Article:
The English title of Kaneto Shindo’s Koruneko (Japan, 1968) is Black Cat but this ferocious ghost story is not about cats but vengeful spirits.
Set in feudal Japan, in a bamboo forest perpetually shrouded in fog and shadow as ethereal as the ghosts themselves, the film chronicles the odyssey of two women (Nobuko Otowa and Kiwako Taichi) left alone to tend the family farm when the man of the house (Kichiemon Nakamura) is sent to war. Rogue samurai come upon them like feral bandits, rape and murder the women and burn the farmhouse down. The black cat of the title finds the bloody bodies and gives their spirits the claws for their revenge.
When the soldier returns home, now a decorated hero, he finds his home and family gone and is charged with ridding the region of the spirits who have been tearing the throats out of the local samurai. As he discovers uncovers the truth, the angry spirits become conflicted in their thirst for vengeance.
Shindo creates a film of mesmerizing imagery and eerie atmosphere. The two ghosts float through the film with spooky grace and the mysterious house is itself a spirit that appears like a supernatural creature, while the tranquility of the deep forest becomes shrouded in doom and dread with coming of night and the avenging women. The violence, while powerful, is not explicit and the horror is in suggestive and weird imagery, made all the spookier by the ethereal black and white photography.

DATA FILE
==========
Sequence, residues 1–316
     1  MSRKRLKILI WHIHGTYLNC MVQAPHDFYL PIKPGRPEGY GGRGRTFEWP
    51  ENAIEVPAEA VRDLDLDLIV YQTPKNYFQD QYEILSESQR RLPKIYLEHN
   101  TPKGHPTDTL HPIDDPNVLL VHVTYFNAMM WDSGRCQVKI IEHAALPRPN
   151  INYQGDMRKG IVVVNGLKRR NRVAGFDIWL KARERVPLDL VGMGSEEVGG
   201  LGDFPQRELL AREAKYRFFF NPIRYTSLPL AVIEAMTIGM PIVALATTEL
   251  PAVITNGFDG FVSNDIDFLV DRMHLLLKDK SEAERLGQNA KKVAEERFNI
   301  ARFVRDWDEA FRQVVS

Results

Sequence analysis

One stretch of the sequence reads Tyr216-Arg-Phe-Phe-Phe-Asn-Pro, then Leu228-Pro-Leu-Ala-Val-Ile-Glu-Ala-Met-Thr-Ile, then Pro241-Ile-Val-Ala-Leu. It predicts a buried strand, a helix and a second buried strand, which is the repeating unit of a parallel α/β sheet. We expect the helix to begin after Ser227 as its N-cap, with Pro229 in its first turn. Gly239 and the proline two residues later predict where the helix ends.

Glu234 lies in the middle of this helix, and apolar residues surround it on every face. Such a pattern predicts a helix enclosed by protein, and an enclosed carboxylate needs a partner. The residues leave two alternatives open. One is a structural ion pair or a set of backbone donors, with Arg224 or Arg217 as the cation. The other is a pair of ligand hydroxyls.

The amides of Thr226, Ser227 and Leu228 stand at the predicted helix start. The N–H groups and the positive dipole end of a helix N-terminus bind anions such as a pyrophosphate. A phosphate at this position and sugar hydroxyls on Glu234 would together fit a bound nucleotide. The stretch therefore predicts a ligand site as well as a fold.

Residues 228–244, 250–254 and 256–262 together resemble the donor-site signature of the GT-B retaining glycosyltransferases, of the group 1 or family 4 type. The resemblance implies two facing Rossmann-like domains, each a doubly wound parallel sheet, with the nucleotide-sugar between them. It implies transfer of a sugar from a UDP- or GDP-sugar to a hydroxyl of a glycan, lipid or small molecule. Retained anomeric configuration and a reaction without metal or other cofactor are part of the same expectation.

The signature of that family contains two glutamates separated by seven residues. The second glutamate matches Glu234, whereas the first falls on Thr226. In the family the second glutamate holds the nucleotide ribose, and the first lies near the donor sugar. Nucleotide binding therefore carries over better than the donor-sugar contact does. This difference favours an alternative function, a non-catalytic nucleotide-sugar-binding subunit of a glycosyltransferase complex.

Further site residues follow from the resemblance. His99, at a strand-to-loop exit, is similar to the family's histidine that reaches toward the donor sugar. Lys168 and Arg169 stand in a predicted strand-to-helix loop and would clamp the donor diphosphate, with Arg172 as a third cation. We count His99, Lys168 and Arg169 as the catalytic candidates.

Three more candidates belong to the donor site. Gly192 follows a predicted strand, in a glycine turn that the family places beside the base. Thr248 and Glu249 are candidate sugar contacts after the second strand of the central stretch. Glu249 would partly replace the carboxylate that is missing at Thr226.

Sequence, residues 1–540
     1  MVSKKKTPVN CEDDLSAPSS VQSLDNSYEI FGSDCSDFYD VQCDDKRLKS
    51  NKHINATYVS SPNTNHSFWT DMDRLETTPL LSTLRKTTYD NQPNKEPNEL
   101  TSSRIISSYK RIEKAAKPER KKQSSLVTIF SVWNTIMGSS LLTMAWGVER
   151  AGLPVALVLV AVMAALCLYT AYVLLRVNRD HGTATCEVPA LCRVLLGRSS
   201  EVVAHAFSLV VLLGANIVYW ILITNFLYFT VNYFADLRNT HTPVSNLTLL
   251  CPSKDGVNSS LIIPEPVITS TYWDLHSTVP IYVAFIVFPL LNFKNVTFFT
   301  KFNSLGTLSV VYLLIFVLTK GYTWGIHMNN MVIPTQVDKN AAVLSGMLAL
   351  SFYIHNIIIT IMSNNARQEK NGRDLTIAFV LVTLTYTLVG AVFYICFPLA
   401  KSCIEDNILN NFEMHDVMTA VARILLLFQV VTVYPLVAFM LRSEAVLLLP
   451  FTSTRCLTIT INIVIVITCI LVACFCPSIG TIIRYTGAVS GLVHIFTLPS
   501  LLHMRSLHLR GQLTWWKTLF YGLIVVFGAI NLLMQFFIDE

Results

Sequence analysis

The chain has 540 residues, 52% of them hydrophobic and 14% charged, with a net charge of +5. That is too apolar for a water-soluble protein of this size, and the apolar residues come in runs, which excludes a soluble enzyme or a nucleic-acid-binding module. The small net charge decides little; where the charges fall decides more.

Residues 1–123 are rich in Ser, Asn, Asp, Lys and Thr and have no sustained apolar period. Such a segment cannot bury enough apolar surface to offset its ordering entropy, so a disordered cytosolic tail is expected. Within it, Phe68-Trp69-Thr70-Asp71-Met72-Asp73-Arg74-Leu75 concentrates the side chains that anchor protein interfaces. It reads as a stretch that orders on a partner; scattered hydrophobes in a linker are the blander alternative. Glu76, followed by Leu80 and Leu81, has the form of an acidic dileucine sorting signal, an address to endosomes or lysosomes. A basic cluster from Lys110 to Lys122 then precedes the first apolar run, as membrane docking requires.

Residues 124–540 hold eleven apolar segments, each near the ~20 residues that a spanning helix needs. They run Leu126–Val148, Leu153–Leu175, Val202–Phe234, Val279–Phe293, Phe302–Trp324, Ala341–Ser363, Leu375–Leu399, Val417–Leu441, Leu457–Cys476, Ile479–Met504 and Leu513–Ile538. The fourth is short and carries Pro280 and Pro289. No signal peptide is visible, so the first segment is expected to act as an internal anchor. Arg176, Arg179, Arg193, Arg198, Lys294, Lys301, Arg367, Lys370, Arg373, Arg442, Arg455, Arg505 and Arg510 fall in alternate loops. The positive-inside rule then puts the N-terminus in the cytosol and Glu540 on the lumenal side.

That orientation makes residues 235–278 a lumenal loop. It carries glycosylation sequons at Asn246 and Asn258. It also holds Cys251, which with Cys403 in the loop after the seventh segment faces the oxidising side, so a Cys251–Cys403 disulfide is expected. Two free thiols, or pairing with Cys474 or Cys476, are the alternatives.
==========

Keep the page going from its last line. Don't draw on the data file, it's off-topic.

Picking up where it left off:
It’s one of the greatest of Japanese ghost stories, a horror film of elemental drive, social commentary, feminist rage, and visual grace, and was almost forgotten on this side of the ocean until a 2010 theatrical revival.
In Japanese with English subtitles, black and white.
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Kuroneko (The Criterion Collection) [Blu-ray]
Kuroneko (The Criterion Collection) [DVD]
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The Criterion Collection release presents the film with an archival interview with director Kindo Shindo and a new video interview with film critic Tadao Sato, plus a booklet with a new essay by film critic and horror film expert Maitland McDonagh.